We do our weekly shopping and put everything away in the refrigerator or pantry and go about our business until we need a certain item. Well, not exactly. Nearly every item you buy has a different “shelf life” or use by date to be safe – whether or not it is printed on the packaging (like milk, for example). To further complicate things, all items have a different shelf life depending on where they are stored and how (opened vs. unopened, room temperature vs. refrigerator, refrigerator vs. freezer). And that is just purchased items, what about leftovers? They have a whole different set of rules.

“Also take with you every sort of food that is eaten, and store it up. It shall serve as food for you and for them.” – Genesis 6:21 (ESV)

Today, we are going to take the mystery out of food storage. I’ll share some of my biggest food storage tips plus charts for how long you can keep certain foods and the leftover system that I use in my home.


The quality of the food we buy depends on how well it has been handled from production through storage. If you are wondering why is food safety important, read this post with some valuable tips about food storage! Click To Tweet

Some of the surprising ones:


Eggs are a staple in most homes. If you have chickens that lay eggs (like we do), unwashed eggs can stay at room temperature for at least a month, then should be moved to a fridge if not used.

Washed eggs (including those that you buy in the supermarket), are safe for up to five weeks.

Lunch/Deli Meat 

We’ve all heard that deli meat is made from processed meat (this is true in many cases, although there are some higher quality meats that have few fillers and additives). We would assume that processed meat would be safe for a longer period of time than fresh meat, but this isn’t necessarily the case.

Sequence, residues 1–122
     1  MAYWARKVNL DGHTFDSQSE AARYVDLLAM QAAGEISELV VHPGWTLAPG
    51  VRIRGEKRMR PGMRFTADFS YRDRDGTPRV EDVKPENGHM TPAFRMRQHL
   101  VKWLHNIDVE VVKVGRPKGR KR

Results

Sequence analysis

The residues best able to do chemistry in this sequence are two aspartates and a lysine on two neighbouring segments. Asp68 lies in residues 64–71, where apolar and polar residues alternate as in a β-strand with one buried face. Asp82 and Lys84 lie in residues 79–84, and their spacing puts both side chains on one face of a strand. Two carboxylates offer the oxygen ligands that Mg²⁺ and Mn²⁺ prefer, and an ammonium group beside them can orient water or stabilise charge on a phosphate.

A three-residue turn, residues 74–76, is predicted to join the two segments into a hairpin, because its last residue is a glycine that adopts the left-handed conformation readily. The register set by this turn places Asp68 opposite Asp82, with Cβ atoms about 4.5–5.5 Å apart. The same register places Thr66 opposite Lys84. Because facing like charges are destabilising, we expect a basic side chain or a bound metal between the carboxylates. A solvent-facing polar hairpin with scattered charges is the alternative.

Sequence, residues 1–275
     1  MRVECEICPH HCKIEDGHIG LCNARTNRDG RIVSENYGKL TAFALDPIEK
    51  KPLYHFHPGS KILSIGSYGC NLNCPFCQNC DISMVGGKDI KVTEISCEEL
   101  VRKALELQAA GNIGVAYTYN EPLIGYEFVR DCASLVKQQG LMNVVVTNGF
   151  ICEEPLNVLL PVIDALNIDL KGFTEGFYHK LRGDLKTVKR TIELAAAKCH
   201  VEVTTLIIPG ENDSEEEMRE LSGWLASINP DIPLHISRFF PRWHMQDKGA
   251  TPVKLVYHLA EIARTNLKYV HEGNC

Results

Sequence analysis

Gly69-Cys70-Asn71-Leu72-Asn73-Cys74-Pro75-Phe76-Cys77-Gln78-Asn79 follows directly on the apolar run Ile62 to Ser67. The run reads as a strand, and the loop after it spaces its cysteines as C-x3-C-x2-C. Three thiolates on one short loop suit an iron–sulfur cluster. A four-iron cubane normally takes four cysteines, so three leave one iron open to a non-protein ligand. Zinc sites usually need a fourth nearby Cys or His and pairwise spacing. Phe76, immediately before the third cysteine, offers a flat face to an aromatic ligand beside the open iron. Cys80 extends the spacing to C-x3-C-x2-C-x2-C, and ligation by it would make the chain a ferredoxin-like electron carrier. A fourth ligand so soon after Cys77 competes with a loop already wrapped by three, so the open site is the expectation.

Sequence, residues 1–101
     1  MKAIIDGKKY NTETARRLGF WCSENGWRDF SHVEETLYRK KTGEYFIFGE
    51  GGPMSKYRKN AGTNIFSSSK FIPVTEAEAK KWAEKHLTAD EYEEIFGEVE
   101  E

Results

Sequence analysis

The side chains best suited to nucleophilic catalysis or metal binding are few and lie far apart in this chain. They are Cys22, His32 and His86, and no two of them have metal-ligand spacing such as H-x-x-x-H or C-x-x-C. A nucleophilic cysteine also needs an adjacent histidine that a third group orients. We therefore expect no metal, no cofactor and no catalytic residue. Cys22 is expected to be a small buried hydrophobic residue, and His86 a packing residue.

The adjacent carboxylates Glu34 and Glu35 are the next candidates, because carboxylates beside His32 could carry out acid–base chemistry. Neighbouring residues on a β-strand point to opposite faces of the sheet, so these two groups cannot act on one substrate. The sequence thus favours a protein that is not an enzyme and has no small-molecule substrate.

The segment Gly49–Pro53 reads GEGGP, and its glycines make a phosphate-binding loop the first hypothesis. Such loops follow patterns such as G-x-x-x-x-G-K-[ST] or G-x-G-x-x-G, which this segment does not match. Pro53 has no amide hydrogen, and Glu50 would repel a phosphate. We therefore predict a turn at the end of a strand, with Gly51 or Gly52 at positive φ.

Fresh Deli Meats last for

Packaged Lunch Meat* lasts for

Bologna lasts for

Salami (hard)* lasts for


5-6 Days

7-10 Days

1-2 Weeks

2-3 Weeks


1-2 Months

2-3 Months

1-2 Months

2-3 Months

*Such as Oscar Meyer or Hillshire Farms-type found in the meat case not at the deli.


I was surprised to see that the “experts” allow just 3 days for tomatoes to be used before tossing them. Personally, I find that mine stays fine for almost a week, but after that it gets soft and needs to be tossed.


I call these the “hardy” ones – most condiments can stay in the fridge for up to one year (Ketchup, Mustard, Honey, for example). Mayonnaise is only safe for three months in the fridge and two months in the freezer. Soy sauce, on the other hand, is safe for THREE years!

For a full breakdown of food storage, I’ve shared below four amazing charts from Real Simple magazine. Print them out and store them in your home binder, on your fridge or with your cookbooks. You’ll refer to these charts and food storage tips over and over again.

How long can you store meat, poultry and seafood

How long can you store dairy and eggs

How long can you store produce

How long can you store (almost) anything in the pantry

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Leftover Management